The Apsley Macleay Gorges are a meeting point for moister eastern coastal and dry western floras, and some 950 native plant species have been identified, of which 36 are rare or threatened.
The dry rainforest that occurs throughout the park is of special interest. Dry rainforest is visible as dense, dark green patches throughout the gorges, favouring hollows where there is shelter from wind and sun, access to more ground water and where the slope is more stable. This vegetation is generally restricted to gullies and broad concave slopes facing south and east.
Dry rainforest communities in the gorges contain at least 187 plant species. These communities are diverse and range from tall, moist forests with rock orchids and felt ferns to shorter, drier communities with a mallee type habit where conditions are harsher.
Dry rainforest can survive in low rainfall areas and is characterised by species such as:
- Moreton Bay fig
- native olive
- shiny-leaved and giant stinging trees
- gorge mock-olive
- scentless rosewood
- red kamala.
The gorge wattle is a rare species that mainly grows in the Apsley Macleay gorges.
Woodland occurs on most slopes, particularly on northerly and westerly aspects. The eucalypt dominating this woodland is forest red gum, identified by the bark on its trunk which sheds to expose white, grey or bluish patches. Silvertop stringybark and yellow box are also present.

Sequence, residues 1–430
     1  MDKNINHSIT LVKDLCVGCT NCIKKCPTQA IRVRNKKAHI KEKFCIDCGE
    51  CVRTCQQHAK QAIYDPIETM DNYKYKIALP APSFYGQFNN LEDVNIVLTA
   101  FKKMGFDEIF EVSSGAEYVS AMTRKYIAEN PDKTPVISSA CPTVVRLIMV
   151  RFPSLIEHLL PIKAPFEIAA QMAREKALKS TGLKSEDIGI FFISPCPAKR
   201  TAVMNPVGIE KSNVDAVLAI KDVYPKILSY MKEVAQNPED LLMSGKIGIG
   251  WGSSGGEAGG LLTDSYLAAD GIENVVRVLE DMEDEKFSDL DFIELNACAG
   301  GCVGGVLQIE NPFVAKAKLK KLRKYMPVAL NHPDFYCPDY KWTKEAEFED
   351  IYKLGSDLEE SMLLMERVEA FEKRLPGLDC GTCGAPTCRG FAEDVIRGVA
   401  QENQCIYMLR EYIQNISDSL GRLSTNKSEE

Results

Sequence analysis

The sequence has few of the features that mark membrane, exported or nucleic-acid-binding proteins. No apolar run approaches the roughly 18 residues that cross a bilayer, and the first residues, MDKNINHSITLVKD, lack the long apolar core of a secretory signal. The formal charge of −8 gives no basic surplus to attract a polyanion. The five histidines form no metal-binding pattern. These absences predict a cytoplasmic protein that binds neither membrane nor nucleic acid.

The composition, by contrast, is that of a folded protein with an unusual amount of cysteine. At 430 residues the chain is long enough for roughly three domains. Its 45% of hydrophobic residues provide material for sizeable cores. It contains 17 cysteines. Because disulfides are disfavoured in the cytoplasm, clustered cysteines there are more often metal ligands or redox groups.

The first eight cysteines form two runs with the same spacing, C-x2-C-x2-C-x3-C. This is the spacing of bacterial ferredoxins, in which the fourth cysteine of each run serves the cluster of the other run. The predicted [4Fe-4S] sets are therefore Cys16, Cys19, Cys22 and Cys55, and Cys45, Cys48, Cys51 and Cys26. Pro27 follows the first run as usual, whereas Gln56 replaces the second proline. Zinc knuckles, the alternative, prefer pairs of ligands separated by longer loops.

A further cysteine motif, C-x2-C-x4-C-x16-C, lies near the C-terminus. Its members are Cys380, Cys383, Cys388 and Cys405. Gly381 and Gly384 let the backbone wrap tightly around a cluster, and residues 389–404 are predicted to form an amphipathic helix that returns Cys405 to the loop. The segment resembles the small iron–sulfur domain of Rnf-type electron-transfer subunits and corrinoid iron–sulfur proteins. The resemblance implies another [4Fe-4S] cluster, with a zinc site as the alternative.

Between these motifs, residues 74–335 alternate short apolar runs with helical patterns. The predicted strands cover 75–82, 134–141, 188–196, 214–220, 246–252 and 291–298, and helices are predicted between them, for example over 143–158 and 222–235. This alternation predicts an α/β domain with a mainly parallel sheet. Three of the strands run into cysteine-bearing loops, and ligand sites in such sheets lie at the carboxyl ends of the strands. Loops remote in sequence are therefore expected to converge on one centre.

Black cypress pine is sometimes associated with these eucalypts, and particularly favours areas of lower rainfall and steep, well drained soils such as the Dangars-Mihi and Apsley-Tia areas.
Various kinds of daisy bush occur in this gorge woodland as well as cassinia and Australian indigo.
Dry eucalypt forests
There's grassy tableland open forest around the rim of the gorge and on sheltered slopes, dominated by various eucalypts. The main species are:
- New England stringybark
- silvertop stringybark
- yellow box
- Hillgrove box
- apple box
- New England blackbutt
- Hillgrove spotted gum.
Native broom and wild cherry are also common. The understorey is often sparse except for occasional wattles, blackthorn and grass trees.
Areas of hardy shrubland occur on the cliffs where the soil is too shallow and unstable for trees. Rapid drainage and strong winds also contribute to the shrubs' twisted and stunted appearance.
The cassinia, geebung, woolly pomaderris and mintbush are the most common species in the area. Because of the harsh conditions some species have adaptated to reduce water loss, (e.g. small leaves and stunted shapes). Wollomombi wattle and the rare Acacia ingramii are quite often found in this shrubland environment.
Because the conditions are extreme on the cliffs, quite a number of rare and uncommon shrubs are found there. These include:
- broadleaf hopbush
- Dodonaea rhombifolia
- Dodonaea serratifolia
- Bertya sp.
- Hakea fraseri
- Westringia sp.
- Grevillea obtustiflora.